The Set of 400: #161 – My Favorite Tight-Fisted Hand at the Grindstone

Today! Because I’m too old and beyond hope! Go and redeem some younger, more promising creature –

A Christmas Carol (1951)

Directed by Brian Desmond Hurst

Starring Alastair Sim, Mervyn Johns, Hermione Baddeley, Michael Hordern, George Cole, Rona Anderson, Kathleen Harrison, Francis De Wolff, Brian Worth, Peter Bull, Patrick Macnee

The greatest Christmas Carol ever filmed, 1951’s Alastair Sim take feels like a much longer film than its 86 minute run time. Hell, the Jim Carrey motion capture thing from ’09 is 96 minutes (and you feel every second of that thing). But while a short film feeling longer is typically not a good thing, the ’51 Carol benefits grandly, as it actually took the time to expand on elements teased in the novel and never explored in any prior film version. This also might not necessarily be seen as a positive aspect of a typical film adaptation – just straight adding things to a plot – and especially one with a story widely regarded as one of the best ever told, but the additional material feels so organic, so Dickensian, that unless you are really a Christmas Carol scholar – films or novel – you may not notice.

If you can overlook the Ghost of Christmas Past’s gloriously excessive wig

And while I don’t pretend to be any manner of Dickens expert, I have seen every filmed version of Christmas Carol that I’m aware of, and I’m aware of quite a few. You’ll recall the three already on this list – #227 Scrooged, #188 The Muppet Christmas Carol, and #298 1938’s rendition – and there are a handful more television shorts that I’d put right in their mix for Best Ever designation – the incredibly quick Mickey’s Christmas Carol, where Scrooge McDuck finally got his dream role, and Mr. Magoo’s Christmas Carol, still the best musical version of the story created. There are a bunch of other solid features – Albert Finney’s musical Scrooge, the 1935 dreary Seymour Hicks take, George C. Scott’s epic performance in ’84 (TV movie?), Patrick Stewart’s oddly muscular version (also TV?) from 1999, Jim Carrey’s is a lot but it’s pretty decent – and a few other TV versions worth mentioning – The Alcoa Hour‘s musical episode The Stingiest Man in Town starring Basil Rathbone from ’56, Shower of Stars‘ first adaptation starring Fredric March as Scrooge and Rathbone again, this time as Marley, from ’54, the padded but decent Flintstones Christmas Carol from 1994. And honestly, there are a ton more not worth mentioning at all. Seek out your local video store for more recommendations!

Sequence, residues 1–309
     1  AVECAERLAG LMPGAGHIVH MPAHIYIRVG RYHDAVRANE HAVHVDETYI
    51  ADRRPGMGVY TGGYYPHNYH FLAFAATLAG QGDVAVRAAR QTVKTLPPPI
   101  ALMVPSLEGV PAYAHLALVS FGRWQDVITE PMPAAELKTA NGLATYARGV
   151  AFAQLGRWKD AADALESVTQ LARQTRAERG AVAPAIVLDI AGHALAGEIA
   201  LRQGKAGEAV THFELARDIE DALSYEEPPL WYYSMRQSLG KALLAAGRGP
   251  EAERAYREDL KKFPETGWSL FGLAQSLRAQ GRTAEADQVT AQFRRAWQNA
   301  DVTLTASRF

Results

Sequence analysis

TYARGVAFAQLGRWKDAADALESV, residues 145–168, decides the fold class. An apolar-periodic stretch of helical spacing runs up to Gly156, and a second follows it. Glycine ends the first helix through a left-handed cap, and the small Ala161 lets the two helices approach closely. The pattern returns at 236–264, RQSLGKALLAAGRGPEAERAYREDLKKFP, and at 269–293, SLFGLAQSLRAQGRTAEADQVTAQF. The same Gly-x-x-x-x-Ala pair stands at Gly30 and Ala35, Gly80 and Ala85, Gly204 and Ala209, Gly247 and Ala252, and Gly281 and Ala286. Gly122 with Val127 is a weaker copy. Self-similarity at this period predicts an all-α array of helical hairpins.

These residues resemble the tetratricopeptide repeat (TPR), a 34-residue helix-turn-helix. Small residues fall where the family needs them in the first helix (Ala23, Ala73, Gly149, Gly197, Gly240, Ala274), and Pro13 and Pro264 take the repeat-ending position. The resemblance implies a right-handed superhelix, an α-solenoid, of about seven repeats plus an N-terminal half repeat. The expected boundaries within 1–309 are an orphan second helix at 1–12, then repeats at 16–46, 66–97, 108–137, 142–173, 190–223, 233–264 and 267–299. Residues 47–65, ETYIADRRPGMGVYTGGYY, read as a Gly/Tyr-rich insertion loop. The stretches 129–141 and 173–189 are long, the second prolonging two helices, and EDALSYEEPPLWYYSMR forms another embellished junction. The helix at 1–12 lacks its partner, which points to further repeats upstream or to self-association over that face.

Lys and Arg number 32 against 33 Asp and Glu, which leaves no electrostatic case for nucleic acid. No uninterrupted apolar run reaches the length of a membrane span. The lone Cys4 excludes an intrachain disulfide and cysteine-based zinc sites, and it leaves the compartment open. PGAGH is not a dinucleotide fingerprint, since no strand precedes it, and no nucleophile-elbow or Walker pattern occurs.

While most have some fun changes or distinctions, they are typically pretty minor – Gonzo’s on-screen Dickens with the Muppets, the invisible Marley in 1935, Magoo’s having the Ghost of Christmas Present arrive first for some reason, and so on. But 1951, while not changing many of the standard beats, adds loads of background. The Ghost of Christmas Past sequence nearly unbalances the film, running so long as it does, but you get tons of alluded-to moments not seen anywhere else, including Scrooge & Marley shoving Fezziwig out of business, Scrooge’s sister Fan’s death – and what he missed in that moment, Marley’s death and how he tried to save Scrooge at the last moment, foreshadowing his entire involvement in things seven years hence. For Scrooge-o-philes, this is some wonderful stuff, never mind the fact that it comes from one of the best casts assembled to deliver this story, and the unquestioned top (film) man in the Ebenezer game, the great Alastair Sim.

I qualify this, as for my money the best Scrooge I’ve ever seen still plays the role every year (as of this writing) at the Goodman Theatre in Chicago – the king of Christmas, Larry Yando. Make the pilgrimage, non-Cook County folks! Yando is God!

And be sure to make reservations at Petterino’s next door prior to your performance!

Back when I still theatre’d to pass the time, I adapted A Christmas Carol for the stage in Scranton, and borrowed liberally from many of the other versions I’d seen – including opening the play with Marley’s death scene. Why isn’t this done more? It really jumps you into the story, I feel. This play was almost directly responsible for getting me into grad school too, as it sure looked better on the resume than the years I’d spent processing insurance claims at that point. So thanks, Charles Dickens! I hope to do the same for you someday!

Virtually no Christmas Carols have been given awards over the years, so many versions having been produced (Yando did get nominated for a Jeff award in like his tenth year in the role, just saying), but turns out the Alastair Sim Christmas Carol is my favorite movie from 1951! Take that, #324 Fourteen Hours and #241 Strangers on a Train!

Also, Sim appeared in The Ruling Class back at #264, making him our only new Two-Timer on the list. Spotlight!


Coming tomorrow! He wants to kill me so bad he can taste it!

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One response to “The Set of 400: #161 – My Favorite Tight-Fisted Hand at the Grindstone

  1. Pingback: The Set of 400: #162 – My Favorite Soul Bowl | Knowingly Undersold

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